Pat Finucane killing: Why murder of lawyer is a death that never went away
Some Troubles-era murders were so notorious their memory never fades. Jean McConville's was one. And this week marks the 25th anniversary of another. Brian Rowan reports
A little over a year ago, the hundreds of pages of a report by Sir Desmond de Silva into one of the 'headline' killings of the conflict years was intended as a full stop. Certainly, that was the Government's hope and intention.
But the loyalist targeting and shooting of solicitor Pat Finucane is one of those 'war' chapters that is incomplete both in terms of the telling and writing of the story.
It is one of those dark moments, a killing like the IRA execution and disappearance of Jean McConville, that has not been forgotten, or lost in the passage of time.
But, still, there is no structured process to properly address the unanswered questions of the past.
The latest proposals to emerge out of the Haass/O'Sullivan initiative for an historical investigations unit and independent commission for information retrieval have become part of a political stand-off.
We are watching another tug-of-war, with some trying to pull the process towards immediate implementation and others holding their ground in an argument for further negotiation.
Separate from Haass, the Finucane family continues to press for a public inquiry.
"There's an acceptance that the whole truth has yet to be revealed," John Finucane, a son of the murdered solicitor, said. "De Silva should be seen as a stepping-stone to a full inquiry.
"When they [the Government] realised they had to do something, they gave us a behind-closed-doors review. They have tried to control and limit what has been exposed."
This Wednesday marks the 25th anniversary of the Finucane killing; the Belfast solicitor was shot 14 times in front of his family at Sunday dinner on February 12, 1989.
The UDA, a still-legal organisation at the time, was behind the murder, but the question has always been, who else wanted him dead?
"There are questions that remain to be answered," John Finucane said. "It's why the case still has so much traction."
We know the involvement in the plot of agents operating inside the UDA, among them William Stobie and Brian Nelson.
We read also what de Silva wrote about Tommy Lytttle, the most senior of the paramilitary organisation's leaders on the Shankill Road at the time of the killing:
"The nature of Lyttle's contact with some RUC officers provided him with an entirely improper degree of protection and assistance in his role as UDA chairman and the so-called brigadier for west Belfast UDA."
He is not identified in the report as an agent, but loyalists believe he was. Indeed, in the early 1990s, they were openly discussing his codename.
Stobie, Nelson and Lyttle are dead, not able to speak from their graves to the still-unanswered questions in this case.
But there are others still living and still in significant positions of leadership within the Shankill UDA who know the story in its finest detail. Some of them were also agents.
Pat Finucane was a high-profile lawyer involved in many headline cases, including the 'shoot-to-kill' controversies. He was also from a staunch republican family and it is clear that there were those who viewed him not as a solicitor, but as part of the enemy.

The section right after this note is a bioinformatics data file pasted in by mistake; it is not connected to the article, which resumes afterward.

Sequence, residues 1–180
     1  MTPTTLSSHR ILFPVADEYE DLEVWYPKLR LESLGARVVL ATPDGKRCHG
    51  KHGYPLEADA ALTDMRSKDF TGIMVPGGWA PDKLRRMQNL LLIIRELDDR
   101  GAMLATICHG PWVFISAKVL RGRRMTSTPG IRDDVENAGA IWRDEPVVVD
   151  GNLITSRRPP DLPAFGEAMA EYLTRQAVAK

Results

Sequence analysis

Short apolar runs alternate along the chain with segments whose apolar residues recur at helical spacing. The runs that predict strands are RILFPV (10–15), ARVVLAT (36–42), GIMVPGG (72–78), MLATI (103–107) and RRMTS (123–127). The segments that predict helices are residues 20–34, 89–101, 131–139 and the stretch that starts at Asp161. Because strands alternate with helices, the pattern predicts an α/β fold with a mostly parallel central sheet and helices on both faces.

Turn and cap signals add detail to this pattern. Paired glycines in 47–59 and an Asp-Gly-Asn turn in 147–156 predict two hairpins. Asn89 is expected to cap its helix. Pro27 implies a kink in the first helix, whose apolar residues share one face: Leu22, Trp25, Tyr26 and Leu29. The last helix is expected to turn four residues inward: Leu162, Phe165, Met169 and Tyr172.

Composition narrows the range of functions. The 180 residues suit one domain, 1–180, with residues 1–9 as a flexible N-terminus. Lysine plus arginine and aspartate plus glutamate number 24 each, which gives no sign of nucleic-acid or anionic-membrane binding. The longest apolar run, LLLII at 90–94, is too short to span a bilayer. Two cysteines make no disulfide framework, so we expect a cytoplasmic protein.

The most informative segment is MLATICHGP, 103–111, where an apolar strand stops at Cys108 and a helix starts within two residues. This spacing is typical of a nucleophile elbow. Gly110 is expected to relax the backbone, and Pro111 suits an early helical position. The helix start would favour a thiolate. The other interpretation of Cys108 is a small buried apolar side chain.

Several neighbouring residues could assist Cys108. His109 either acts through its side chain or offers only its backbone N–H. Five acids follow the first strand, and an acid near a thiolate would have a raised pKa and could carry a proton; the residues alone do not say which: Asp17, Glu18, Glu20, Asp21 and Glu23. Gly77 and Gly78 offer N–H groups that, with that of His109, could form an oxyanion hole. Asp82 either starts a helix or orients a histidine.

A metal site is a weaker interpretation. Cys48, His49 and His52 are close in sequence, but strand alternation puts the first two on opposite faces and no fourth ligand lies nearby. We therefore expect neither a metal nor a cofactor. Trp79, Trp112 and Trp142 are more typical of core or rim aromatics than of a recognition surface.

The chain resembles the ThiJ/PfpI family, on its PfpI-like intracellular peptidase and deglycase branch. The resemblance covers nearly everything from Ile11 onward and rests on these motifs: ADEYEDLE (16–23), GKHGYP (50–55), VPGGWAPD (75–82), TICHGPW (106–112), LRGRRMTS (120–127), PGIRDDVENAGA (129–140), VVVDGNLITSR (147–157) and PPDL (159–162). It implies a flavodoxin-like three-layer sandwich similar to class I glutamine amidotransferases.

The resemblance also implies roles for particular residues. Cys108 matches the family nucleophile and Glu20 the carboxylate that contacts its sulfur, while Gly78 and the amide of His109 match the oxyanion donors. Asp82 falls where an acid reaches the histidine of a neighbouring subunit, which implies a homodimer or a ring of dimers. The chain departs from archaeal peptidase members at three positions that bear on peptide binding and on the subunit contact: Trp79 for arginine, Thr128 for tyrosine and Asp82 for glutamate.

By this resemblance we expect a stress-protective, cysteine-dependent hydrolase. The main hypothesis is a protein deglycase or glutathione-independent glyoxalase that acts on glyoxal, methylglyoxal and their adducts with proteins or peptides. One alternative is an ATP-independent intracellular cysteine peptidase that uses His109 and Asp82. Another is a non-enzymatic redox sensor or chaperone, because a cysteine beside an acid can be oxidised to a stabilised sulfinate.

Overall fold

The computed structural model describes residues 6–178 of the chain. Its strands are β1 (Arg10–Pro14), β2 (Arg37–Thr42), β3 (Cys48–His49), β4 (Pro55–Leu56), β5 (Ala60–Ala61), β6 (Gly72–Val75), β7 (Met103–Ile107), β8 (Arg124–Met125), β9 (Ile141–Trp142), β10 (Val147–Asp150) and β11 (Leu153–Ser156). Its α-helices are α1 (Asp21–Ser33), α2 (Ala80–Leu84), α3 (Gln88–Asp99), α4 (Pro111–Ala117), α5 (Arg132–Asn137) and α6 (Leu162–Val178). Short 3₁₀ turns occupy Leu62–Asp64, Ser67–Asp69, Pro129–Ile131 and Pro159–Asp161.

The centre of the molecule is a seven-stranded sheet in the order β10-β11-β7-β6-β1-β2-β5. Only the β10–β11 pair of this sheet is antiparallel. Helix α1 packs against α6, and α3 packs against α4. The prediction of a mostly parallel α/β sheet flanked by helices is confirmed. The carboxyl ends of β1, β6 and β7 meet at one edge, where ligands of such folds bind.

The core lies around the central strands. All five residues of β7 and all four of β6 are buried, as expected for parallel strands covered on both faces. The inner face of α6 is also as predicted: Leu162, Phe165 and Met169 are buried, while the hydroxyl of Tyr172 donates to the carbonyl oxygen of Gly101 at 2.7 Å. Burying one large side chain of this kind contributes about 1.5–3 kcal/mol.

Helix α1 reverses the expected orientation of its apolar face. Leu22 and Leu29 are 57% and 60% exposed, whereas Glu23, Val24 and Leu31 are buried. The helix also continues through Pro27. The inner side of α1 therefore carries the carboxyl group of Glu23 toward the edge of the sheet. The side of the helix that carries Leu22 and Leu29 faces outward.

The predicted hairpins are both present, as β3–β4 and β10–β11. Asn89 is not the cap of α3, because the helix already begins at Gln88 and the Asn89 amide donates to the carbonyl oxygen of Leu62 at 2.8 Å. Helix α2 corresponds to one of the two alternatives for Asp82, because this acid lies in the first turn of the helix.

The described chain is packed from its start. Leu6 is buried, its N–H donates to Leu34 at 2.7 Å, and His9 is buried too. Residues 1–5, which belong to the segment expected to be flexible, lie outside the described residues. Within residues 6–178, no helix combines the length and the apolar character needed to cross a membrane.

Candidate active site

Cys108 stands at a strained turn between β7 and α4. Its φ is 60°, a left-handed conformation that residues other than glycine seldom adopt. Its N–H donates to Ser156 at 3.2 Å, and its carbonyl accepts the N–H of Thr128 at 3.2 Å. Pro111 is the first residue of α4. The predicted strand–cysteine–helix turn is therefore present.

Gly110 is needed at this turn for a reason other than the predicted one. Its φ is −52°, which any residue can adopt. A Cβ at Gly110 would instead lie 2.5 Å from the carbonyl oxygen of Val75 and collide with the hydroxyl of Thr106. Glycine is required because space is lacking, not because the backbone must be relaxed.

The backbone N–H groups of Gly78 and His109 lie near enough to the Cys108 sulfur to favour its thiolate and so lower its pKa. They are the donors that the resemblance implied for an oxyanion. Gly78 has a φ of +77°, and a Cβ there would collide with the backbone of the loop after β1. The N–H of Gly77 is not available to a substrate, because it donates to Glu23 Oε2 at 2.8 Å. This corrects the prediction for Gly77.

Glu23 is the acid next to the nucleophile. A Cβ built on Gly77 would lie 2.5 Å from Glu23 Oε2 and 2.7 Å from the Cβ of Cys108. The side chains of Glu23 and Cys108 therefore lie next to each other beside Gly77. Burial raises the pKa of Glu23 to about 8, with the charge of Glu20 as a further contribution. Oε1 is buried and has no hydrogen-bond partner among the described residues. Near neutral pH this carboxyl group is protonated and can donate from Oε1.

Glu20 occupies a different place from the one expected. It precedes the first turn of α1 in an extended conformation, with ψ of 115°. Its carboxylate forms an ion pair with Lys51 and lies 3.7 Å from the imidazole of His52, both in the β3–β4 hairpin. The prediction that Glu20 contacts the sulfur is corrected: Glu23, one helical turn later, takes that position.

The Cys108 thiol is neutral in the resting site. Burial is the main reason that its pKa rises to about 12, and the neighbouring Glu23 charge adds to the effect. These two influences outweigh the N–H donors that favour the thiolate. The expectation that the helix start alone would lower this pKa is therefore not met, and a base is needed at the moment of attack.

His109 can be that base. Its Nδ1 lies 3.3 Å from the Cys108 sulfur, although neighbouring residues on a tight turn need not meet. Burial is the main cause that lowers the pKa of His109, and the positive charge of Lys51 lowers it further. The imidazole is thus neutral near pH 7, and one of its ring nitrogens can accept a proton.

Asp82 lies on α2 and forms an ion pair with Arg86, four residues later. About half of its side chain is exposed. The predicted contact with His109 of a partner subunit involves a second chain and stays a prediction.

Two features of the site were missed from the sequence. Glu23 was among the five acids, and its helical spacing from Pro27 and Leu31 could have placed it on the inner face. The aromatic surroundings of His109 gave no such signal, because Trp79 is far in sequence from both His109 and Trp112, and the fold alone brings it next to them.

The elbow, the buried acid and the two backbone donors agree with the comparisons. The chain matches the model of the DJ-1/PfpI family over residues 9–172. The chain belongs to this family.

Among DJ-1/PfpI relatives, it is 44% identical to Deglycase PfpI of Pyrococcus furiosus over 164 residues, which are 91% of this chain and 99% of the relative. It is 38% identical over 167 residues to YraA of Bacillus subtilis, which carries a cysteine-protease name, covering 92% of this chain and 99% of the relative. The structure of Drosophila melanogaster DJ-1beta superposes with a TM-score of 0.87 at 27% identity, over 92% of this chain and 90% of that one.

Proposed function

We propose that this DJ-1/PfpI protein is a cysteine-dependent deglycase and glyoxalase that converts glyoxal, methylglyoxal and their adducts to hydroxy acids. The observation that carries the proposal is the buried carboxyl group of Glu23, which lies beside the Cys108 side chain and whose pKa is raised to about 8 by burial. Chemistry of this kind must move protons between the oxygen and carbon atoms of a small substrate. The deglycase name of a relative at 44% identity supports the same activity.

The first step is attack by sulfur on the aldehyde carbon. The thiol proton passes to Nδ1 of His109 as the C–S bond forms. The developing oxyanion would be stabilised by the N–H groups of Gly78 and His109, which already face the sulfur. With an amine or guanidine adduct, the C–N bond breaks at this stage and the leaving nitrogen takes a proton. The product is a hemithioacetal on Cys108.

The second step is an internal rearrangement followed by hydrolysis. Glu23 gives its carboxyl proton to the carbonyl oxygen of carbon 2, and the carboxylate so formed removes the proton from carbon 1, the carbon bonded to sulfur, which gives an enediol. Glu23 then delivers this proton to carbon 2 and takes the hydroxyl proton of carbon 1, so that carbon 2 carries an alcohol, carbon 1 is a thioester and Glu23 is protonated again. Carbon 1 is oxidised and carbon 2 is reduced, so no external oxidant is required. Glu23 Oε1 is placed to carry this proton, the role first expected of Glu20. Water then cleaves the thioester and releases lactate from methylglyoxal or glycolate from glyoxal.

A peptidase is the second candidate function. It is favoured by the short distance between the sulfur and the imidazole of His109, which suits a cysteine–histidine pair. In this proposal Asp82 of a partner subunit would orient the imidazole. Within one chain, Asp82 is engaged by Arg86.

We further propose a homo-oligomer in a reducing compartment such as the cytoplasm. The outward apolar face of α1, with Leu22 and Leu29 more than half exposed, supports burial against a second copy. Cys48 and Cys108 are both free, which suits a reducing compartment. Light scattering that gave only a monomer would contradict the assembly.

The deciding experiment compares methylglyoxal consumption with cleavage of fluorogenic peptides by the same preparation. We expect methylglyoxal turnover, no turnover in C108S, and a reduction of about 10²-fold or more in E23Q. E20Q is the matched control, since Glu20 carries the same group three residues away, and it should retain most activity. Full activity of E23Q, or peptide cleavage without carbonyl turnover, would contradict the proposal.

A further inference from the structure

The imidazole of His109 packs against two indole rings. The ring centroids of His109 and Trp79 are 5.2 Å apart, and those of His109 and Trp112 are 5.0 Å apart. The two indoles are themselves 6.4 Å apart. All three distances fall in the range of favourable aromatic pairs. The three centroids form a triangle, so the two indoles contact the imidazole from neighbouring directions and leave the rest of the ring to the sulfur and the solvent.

In other words, there were those who could not – or would not – distinguish between his professional duties as a solicitor and the clients he represented.
We know from reading the de Silva review of the case that Finucane was included in MI5 propaganda initiatives. And, long before that latest study of the case, collusion in the murder had been established and accepted.
De Silva found that a series of actions by employees of the state "actively furthered and facilitated his murder". But he also reported: "However, despite the different strands of involvement by elements of the State, I am satisfied that they were not linked to an over-arching state conspiracy to murder Patrick Finucane."
Is it possible others could come to another conclusion; that the jigsaw of information could be arranged to make another picture? That question is still out there. And this is why the push for an inquiry continues; because there is a view that there has not yet been a proper opportunity to interrogate the information.
"This family have shown remarkable resilience in keeping this case at the forefront of public consciousness despite the seemingly insurmountable obstacles along the way," Queen's University law professor Kieran McEvoy said.
"The key gap is that de Silva is a review of papers.
"A public inquiry includes the ability to compel witnesses to attend, to cross-examine them and to explore any inconsistencies in their evidence.
"So, if a lie is committed to paper there's a greater chance of truth being uncovered when that witness is properly cross-examined in a public inquiry."
But we still don't know if that inquiry will be achieved, or whether it will eventually become part of some wider exploration of the past. As part of the Haass/O'Sullivan proposals there was to be an examination of themes and patterns in the conflict period including collusion – both British and Irish.
But dark secrets will always be guarded – and not just in the Finucane case. But in many other cases, the search for truth is seen as trespassing in those places of national security.
There is information that will never be revealed by every side and all sides.